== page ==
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Women participants at Doha Meeting: End Gender Apartheid

On February 18 and 19, United Nations Secretary-General Antonio Guterres hosted a meeting in Doha consisting of more than two dozen diplomats, envoys, and representatives of civil society groups from within and outside Afghanistan. It was the first major meeting on Afghanistan since last May.  

Metra Mehra, a women’s rights activist; Lotfullah Najafizada, a journalist and head of Amu TV; Shah Gul Rezaee, a former member of parliament; Mehbooba Siraj, a long-time NGO and civil society activist; and Kabul University professor Faiz Muhammad Zaland participated in the meeting representing civil society groups.  

The notable exclusion from the meeting was the Taliban. They had been invited to participate in Doha by the UN even though their government is not recognized by any other country in the world.  

That invitation had been widely condemned by women’s rights groups who worried that the international community was laying the groundwork to officially recognize the Taliban despite its misogynistic policies. “In the past two years that the world was waiting for Taliban to change, Taliban increased repression of people, especially vulnerable ethnicities, and women of Afghanistan,” stated Shahgul Rezaie, a former member of parliament and participant at the Doha meeting, in her statement. “The integration of the Taliban into the international system, increasing engagement with them, and recognizing them is not a solution to the problem of Afghanistan, but it will only intensify the problems.” 

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The Taliban had presented pre-conditions to the UN for its attendance, including demanding that they be the sole representatives of Afghanistan in Doha and that their delegation get a meeting with Guterres. The Taliban also wanted a guarantee that “no one at the conference would criticize the militant Islamic theocrats and how they have run the country since returning to power in August 2021,” reported Deutsche Welle, the German broadcaster.   

In his press confrence, the UN secretary-general said, he rejected those demands, as “not acceptable,” adding, “These conditions first of all denied us the right to talk to other representatives of the Afghan society and demanded a treatment that would, I would say, to a large extent be similar to recognition.”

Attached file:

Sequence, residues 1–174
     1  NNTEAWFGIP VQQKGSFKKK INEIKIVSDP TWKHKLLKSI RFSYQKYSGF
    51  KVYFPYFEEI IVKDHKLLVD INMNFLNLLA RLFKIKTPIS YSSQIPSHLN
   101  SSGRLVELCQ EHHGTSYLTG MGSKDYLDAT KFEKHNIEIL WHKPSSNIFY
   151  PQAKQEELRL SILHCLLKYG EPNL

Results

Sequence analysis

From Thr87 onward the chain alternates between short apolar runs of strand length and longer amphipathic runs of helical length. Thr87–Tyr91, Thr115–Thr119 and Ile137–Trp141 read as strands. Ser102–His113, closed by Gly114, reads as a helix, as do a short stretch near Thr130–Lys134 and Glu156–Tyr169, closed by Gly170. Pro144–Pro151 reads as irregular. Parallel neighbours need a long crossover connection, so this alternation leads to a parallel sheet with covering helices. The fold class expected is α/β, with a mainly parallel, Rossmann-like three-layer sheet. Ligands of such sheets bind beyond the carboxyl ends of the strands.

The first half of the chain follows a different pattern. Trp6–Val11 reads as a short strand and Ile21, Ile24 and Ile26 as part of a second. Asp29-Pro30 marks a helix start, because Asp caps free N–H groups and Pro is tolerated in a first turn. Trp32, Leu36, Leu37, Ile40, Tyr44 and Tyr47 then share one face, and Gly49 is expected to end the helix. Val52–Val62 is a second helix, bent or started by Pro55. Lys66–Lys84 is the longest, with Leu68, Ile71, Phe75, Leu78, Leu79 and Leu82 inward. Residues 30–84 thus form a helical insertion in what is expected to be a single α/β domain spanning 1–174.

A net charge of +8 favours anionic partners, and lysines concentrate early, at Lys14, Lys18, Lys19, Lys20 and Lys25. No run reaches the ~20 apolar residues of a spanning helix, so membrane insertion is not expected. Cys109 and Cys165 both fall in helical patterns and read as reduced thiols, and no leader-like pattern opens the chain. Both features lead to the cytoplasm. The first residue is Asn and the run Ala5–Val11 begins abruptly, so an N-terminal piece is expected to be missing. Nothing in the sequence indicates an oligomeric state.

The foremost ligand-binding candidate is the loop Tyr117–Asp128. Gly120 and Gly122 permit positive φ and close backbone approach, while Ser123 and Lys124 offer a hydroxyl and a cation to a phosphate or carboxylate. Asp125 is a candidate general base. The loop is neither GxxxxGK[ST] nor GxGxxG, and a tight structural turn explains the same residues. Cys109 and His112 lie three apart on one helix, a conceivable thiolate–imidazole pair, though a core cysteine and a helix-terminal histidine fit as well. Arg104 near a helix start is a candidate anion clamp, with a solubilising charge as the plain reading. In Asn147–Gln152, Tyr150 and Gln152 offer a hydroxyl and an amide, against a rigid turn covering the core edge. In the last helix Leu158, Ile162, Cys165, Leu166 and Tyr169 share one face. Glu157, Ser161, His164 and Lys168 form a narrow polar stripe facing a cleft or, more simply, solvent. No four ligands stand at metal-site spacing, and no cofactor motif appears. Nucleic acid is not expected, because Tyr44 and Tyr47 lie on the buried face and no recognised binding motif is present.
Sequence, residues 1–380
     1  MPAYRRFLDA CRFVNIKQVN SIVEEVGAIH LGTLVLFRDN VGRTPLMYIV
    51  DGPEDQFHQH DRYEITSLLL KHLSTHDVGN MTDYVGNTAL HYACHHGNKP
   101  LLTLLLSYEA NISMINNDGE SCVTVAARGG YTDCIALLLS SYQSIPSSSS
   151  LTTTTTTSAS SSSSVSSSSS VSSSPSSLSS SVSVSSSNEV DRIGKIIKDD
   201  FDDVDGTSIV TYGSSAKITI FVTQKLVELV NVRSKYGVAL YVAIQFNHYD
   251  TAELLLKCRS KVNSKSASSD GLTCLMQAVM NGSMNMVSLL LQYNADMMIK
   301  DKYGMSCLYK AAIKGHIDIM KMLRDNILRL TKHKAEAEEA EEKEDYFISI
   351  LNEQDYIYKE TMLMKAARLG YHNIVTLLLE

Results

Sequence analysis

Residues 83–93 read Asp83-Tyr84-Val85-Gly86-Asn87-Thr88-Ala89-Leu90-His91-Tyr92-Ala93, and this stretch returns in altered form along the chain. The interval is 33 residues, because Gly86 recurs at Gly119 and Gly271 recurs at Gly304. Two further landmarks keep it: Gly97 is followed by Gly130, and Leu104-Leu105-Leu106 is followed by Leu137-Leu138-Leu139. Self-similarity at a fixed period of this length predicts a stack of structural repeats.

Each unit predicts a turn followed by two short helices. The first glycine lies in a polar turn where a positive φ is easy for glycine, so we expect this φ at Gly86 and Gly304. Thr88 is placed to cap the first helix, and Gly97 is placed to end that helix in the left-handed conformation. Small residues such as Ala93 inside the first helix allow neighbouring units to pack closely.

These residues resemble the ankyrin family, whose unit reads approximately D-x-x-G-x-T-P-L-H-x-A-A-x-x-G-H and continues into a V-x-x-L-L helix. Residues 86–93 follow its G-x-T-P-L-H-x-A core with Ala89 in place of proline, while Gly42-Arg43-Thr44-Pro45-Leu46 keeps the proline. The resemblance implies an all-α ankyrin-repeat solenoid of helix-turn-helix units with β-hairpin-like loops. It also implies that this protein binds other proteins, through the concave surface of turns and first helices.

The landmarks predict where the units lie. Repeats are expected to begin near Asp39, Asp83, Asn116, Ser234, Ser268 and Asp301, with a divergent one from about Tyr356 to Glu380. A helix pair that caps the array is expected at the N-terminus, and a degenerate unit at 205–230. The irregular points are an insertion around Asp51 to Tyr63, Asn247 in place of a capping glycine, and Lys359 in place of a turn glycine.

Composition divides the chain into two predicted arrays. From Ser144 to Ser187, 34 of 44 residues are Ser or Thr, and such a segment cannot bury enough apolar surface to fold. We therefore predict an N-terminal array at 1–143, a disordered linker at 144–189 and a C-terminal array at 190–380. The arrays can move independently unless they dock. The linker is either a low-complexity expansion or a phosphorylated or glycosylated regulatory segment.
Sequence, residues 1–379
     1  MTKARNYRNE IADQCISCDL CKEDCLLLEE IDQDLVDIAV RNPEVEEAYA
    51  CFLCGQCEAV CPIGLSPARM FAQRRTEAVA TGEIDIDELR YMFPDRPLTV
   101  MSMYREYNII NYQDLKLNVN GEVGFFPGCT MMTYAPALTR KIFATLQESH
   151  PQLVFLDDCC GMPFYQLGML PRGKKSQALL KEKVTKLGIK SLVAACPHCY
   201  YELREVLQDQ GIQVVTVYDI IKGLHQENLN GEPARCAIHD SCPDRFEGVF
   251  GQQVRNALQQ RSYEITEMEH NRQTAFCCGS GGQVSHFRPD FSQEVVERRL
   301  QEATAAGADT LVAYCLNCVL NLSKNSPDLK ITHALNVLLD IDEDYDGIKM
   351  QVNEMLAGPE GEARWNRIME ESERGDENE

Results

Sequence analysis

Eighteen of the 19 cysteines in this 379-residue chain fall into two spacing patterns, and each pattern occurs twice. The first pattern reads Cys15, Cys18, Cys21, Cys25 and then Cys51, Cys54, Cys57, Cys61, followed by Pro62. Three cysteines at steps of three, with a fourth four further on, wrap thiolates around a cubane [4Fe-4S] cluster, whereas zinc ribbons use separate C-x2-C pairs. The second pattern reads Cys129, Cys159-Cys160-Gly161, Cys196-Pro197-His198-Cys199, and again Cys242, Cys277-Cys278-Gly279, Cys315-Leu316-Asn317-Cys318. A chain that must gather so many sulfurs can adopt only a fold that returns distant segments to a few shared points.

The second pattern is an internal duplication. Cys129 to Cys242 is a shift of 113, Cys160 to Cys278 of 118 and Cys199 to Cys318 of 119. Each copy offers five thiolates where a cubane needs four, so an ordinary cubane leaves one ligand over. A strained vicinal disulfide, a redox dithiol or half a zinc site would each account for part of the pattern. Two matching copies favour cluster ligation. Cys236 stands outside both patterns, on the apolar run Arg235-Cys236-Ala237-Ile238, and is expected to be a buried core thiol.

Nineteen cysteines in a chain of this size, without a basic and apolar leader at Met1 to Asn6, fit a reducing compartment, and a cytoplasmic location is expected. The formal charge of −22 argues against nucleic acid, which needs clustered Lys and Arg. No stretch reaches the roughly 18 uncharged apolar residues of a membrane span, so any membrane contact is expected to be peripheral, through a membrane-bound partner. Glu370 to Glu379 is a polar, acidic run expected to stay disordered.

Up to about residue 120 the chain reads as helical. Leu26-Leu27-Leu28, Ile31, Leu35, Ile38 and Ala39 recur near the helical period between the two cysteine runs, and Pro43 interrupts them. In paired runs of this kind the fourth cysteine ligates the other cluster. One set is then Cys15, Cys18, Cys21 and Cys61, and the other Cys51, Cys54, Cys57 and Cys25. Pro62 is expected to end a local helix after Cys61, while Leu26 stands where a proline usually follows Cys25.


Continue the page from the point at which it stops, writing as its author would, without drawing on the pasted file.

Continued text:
The day before the meeting began in Doha, the United Nations revealed in a new report that there has been a “drastic erosion of women’s rights in Afghanistan” continuing under Taliban rule. According to the UN survey, the Afghan women are firmly opposed to the official recognition of the Taliban: “Thirty-two percent of respondents stated that international recognition of the de facto authorities should happen only after reversing all restrictions, while 25 percent of them said it should follow the reversal of some specific bans and 28 percent said that recognition should not happen at all, under any circumstances.” The opposition of 85 percent of the women surveyed is a small decrease from the answer in July 2023 when 96 percent of women “maintained that recognition should only occur after improvements in women’s rights or that it should not occur at all.” 

 “The international community should refrain from any interaction with the Taliban group that leads to recognition of this group,” states Metra Mehran, who participated in the meeting wearing a T-shirt featuring the slogan, “End Gender Apartheid.” She reiterated that message during the meeting, she told Zan Times. “The situation in Afghanistan is a clear example of gender apartheid,” she says. “Women are dehumanized and deprived of all their fundamental human rights, and, therefore, the Taliban should be dealt with in international courts for the crimes they are committing.” 

Though many women are fiercely opposed to any international recognition of the Taliban, Guterres said in a news conference after the meeting that the attendees had discussed “creating the conditions, in a next meeting, to have the presence of the de facto authorities of Afghanistan.” Yet he acknowledges that there is a deadlock. “On one hand Afghanistan remains with a government that is not recognized internationally, and in many aspects not integrated in the global institutions and global economy.” For instance, UN Special Coordinator Feridun Sinirlioglu recently presented a report on how to reintegrate Afghanistan into the international economic and political system, which he notes is dependent on the Taliban meeting its international obligations, something that the clerical regime has so far refused to do.   

In front of the diplomats at the UN meeting in Doha, Metra Mehran pointed out how it has been Afghanistan’s women who continue to fight for the rights of all citizens: “We Afghans, especially women, seem to have to fight on several fronts. On the one hand, in front of the authoritarian Taliban group, and, on the other front, we have to convince the international community not to turn away from our troubles. Right in front of the eyes of the world, we are being removed from society… You do not let this calamity that is happening to us gain legitimacy, be ignored and continue.”  

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